What kind of support do you get from family or friends? *

Immense amounts but I live away from my family so the majority of it falls on my darling fiance, Shane, who is a prince among men and has never made me feel less than because I deal with this. My family have helped so much financially over the years, especially when I was first diagnosed and literally couldn't leave the house I was so sick. Shane met when when I had just got out of hospital almost 6 years ago, I wasn't working because I was so sick and he thought I was the bees knees. I'm pretty lucky. I have a few special friends here in LA who are wonderful too.

Have you ever had someone not believe you have an invisible illness because of your appearance and if so are there any examples that stand out? *

YES! I'd be a rich woman if i was given a dollar every time said "but you look so well!" I haven't had anything malicious but when someone says that, even when it's supposed to be a compliment, it does make you feel like screaming back "i was throwing up this morning and it feels like someone is stabbing me in the guts but thank you. I've lost modeling jobs because of sudden and dramatic weight loss that I couldn't control, that was a hard one because they thought I had an eating disorder.

How has your invisible illness affected your relationships? *

It can definitely strain it, especially when i'm flaring or don't have the energy for being as social etc. I can get very moody and sad/anxious too. As I said above, Shane my fiance’ is amazing but I know it's hard for him and he hates seeing me sick/dealing with this. I know he feels very helpless sometimes, as does my family.

Is there anything you are afraid to tell people in your life? *

Perhaps the mental health sides of auto-immune disease, especially those of the gut. Your gut holds 70% of your serotonin so if it's not working properly, your mood and general zest for life can be pretty smashed. I'm not afraid per say but the stigma around mental health is definitely there.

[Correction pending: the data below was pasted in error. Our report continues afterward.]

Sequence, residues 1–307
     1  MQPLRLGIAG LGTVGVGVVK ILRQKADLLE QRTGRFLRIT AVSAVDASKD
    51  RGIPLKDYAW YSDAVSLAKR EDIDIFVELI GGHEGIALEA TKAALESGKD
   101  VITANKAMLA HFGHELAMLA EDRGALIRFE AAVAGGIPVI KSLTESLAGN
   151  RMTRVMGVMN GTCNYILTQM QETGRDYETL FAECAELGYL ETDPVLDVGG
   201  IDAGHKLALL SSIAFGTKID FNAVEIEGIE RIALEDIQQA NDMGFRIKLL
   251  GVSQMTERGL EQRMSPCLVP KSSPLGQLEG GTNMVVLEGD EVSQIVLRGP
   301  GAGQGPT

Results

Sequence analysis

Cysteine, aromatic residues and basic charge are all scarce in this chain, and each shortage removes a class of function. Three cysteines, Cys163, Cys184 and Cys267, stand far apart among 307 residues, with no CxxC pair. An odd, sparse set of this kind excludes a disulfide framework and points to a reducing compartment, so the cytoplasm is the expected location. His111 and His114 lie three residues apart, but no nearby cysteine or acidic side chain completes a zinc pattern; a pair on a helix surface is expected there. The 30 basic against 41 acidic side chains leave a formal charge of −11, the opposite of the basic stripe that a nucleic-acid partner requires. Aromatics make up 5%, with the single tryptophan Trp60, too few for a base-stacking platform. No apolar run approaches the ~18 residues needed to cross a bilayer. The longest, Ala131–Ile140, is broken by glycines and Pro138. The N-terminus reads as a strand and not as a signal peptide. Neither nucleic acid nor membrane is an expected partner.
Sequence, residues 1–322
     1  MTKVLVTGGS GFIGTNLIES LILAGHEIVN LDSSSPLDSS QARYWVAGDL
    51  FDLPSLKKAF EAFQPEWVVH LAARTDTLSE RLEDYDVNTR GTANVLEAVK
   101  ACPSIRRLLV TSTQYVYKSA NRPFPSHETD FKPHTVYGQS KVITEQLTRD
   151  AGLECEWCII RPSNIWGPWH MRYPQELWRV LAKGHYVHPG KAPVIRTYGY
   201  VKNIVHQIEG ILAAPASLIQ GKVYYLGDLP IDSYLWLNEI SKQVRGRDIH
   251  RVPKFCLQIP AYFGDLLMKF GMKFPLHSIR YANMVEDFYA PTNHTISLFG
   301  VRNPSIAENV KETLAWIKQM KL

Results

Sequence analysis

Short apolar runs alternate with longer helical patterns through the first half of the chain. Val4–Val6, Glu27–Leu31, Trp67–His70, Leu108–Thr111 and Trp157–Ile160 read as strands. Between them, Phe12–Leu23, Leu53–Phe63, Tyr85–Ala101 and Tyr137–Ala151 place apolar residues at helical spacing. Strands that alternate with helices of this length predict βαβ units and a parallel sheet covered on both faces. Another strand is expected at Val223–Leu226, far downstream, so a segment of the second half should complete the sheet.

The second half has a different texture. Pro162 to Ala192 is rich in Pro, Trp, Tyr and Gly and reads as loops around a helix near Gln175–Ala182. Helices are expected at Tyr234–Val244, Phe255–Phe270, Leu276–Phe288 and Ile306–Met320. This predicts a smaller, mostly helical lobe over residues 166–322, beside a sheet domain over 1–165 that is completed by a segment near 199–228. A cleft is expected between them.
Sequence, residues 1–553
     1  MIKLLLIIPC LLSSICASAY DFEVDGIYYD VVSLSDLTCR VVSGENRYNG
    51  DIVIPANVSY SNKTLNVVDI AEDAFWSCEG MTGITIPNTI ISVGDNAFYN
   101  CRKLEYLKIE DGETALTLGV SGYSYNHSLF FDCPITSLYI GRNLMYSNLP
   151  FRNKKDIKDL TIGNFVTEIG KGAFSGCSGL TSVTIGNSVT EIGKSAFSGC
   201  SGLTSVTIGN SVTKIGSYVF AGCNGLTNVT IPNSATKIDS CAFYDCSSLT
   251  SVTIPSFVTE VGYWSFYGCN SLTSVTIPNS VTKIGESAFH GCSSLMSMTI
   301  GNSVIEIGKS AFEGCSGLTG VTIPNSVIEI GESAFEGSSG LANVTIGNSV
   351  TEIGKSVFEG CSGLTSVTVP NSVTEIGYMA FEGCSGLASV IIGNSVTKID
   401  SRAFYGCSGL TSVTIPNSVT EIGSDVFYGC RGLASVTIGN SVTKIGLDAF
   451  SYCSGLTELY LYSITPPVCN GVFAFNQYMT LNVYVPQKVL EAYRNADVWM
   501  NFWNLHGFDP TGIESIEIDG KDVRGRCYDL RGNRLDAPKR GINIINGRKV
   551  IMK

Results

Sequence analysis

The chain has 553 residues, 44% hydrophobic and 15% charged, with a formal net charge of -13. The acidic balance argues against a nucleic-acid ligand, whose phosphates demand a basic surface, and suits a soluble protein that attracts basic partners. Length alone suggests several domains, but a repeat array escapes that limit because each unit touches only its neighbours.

Does the fact that your disease is invisible change how healthcare professionals treat you? *

Yes, when I collapsed over 6 years ago it took doctors almost 6 months to diagnose me. 2 ER visits, me getting sicker and sicker and being told I had a stomach flu etc. It was only after I started passing blood that my mother demanded attention. Being a young woman also plays into that because doctors think you're hysterical, i've had female doctor friends confirm this to me! Other than that though, crohns is pretty well known as a nasty disease so I am generally well respected.

What is your best coping mechanism? *

Walking, yoga, journaling, being alone and quiet (loud noise when i'm feeling sick is the worst thing ever) but then around good people when I need, talking to my mum, sleeping, routine (super important for your stomach) and nourishing my body with good food/supplements. All really hard to maintain sometimes tbh. Sometimes I just need to cry!

What are you the most concerned about and the most hopeful for in the future? *